Connecticut Innovation Fund Supports Student Entrepreneurs

students_entrepreneurs

(Photo: Youth Entrepreneurship Summit)

The University of Connecticut, in partnership with Connecticut Innovations (CI) and Webster Bank, has designed a $1.5 million Innovation Fund to supply university-affiliated businesses with financial aid in the early stages of their development. The plan is to offer help that the businesses need to grow and remain in the state.

The fund will give up to $100,000 for any student, faculty member, or alumnus with an “in-state business startup tied to research, advanced technologies or innovations developed at UConn,” according to a press release.

The recipients will be chosen based on determinants such as the strength of the company, its current resources, ground-breaking technology, the likelihood of commercialization, and potential for securing supplementary external funding. Companies will also receive patenting and licensing support, business incubator locations, and other assistance from the university, reports Campus Technology’s Rhea Kelly.

“This fund is designed to provide the important early financial support UConn students, faculty and alumni need to commercialize new technologies and succeed in today’s highly competitive business environment,” said UConn Vice President for Research Jeffrey Seemann.

A UConn Evaluation Board, fund managers, and an investment committee from UConn, Connecticut Innovations (CI), and Webster Bank representatives will manage the Innovation Fund.

Webster Bank, located in Waterbury, Connecticut, will provide banking and financial expertise to give startup companies a leg up. CI will be providing the money for the fund. UConn and Webster Bank will also be investors and limited partners in the fund.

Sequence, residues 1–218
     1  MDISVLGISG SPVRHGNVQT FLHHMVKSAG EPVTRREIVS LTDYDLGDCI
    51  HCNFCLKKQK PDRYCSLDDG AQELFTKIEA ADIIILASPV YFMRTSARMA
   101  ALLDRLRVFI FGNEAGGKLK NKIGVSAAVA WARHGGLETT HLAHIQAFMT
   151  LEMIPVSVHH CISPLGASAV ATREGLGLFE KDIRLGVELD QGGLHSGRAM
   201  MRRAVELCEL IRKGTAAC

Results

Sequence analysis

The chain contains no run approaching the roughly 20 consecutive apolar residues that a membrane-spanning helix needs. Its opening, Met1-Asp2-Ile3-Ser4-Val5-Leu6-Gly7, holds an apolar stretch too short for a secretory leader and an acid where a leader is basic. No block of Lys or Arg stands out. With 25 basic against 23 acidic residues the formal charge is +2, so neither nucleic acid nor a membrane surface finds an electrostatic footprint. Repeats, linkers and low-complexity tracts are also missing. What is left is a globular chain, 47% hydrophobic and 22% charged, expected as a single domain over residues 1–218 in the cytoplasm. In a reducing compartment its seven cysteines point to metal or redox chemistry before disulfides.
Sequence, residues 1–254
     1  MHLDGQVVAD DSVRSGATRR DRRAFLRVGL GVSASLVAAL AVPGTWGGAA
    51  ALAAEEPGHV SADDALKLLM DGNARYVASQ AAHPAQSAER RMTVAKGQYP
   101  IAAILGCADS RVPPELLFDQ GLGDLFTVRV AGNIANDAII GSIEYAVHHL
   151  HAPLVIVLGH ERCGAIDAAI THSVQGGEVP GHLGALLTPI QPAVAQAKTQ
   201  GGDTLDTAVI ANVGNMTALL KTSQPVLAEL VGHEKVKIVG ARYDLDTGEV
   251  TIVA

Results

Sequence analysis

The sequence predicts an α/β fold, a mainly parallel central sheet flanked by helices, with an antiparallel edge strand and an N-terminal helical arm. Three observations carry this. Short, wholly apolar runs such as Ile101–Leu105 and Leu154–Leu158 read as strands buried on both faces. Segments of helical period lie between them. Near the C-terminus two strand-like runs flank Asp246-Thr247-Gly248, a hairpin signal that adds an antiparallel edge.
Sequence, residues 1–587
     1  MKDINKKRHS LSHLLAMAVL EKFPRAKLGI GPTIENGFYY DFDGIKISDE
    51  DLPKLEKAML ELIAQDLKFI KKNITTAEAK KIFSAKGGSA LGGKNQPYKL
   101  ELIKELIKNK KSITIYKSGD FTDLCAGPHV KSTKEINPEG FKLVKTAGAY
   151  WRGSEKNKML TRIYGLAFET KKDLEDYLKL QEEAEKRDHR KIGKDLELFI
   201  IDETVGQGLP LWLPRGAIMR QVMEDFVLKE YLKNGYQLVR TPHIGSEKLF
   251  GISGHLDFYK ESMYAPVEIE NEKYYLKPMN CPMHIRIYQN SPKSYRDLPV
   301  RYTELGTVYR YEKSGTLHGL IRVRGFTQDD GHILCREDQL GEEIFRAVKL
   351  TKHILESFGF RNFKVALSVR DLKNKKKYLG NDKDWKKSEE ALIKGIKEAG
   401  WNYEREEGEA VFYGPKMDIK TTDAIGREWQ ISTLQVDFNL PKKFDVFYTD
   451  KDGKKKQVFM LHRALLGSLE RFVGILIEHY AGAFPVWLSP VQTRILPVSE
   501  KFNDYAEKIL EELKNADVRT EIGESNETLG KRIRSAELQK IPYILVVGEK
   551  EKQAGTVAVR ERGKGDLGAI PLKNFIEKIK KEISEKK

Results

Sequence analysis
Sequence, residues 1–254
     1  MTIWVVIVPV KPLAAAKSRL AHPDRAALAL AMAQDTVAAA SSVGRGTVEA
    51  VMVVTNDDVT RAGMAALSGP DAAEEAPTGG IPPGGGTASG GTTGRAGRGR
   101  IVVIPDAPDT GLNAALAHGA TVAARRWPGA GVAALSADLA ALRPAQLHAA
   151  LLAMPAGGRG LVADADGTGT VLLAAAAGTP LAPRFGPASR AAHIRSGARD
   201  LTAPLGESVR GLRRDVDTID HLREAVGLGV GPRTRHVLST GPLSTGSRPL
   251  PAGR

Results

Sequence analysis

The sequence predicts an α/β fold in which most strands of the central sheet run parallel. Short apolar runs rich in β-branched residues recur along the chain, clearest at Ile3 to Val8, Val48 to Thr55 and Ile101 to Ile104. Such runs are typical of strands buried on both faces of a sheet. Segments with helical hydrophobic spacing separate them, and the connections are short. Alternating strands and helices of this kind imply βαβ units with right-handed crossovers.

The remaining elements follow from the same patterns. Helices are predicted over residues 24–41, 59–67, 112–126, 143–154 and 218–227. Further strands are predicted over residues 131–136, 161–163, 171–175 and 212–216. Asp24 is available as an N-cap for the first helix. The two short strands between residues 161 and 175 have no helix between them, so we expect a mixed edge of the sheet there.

CI Chief Executive Officer Matt McCooe said his colleagues were eager to see how the Innovation Fund would enhance the state’s economic future, according to Luther Turmelle for the New Haven Register. CI is the state’s quasi-public venture capital and lending investment fund.

Senior Vice President of Webster Bank’s “emerging growth” banking group explained that the investment in new enterprises would help communities come alive by adding jobs that create growth and diversifying the state’s economy.

And at North Carolina State University as well, some solid support is being offered to student entrepreneurs. Chip Andrews, retired former chairperson and CEO of FMI Corporation, a leading management consulting, investment banking, and people development firm in the construction and engineering industry, has donated $1 million to establish the NC State Acceleration Fund. The gift, hopes Andrews, will make a significant impact on young people and economic development.

Andrews and his wife Lyn hope that deserving students with big ideas can learn from those who have experience and knowledge and will act as investors and mentors.

Many millennials are passionate, creative, and driven to begin their personal ventures, but need access to funding, to learn how to attract investors, and to pay off student debts. The Acceleration Fund is going to help improve entrepreneurs’ chances.

The program will be managed through the NC State Entrepreneur Clinic, a fast-growing part of the Poole College of Management. Grant recipients can be juniors, seniors, graduate students, or recent graduates from any curriculum at the University.

Five finalists will be interviewed for this first year’s grant, and one or more grants will be awarded. A total of $50,000 will be allocated.

Another component of the program will be a three-month “boot camp” that beneficiaries must finish. The Andrews Launch Accelerator will give grantees educational and coaching support from successful local entrepreneurs, along with free legal, accounting, and talent acquisition services. They will also have access to office space.

“We want students to be successful and we want them to stay here,” says Chip Andrews.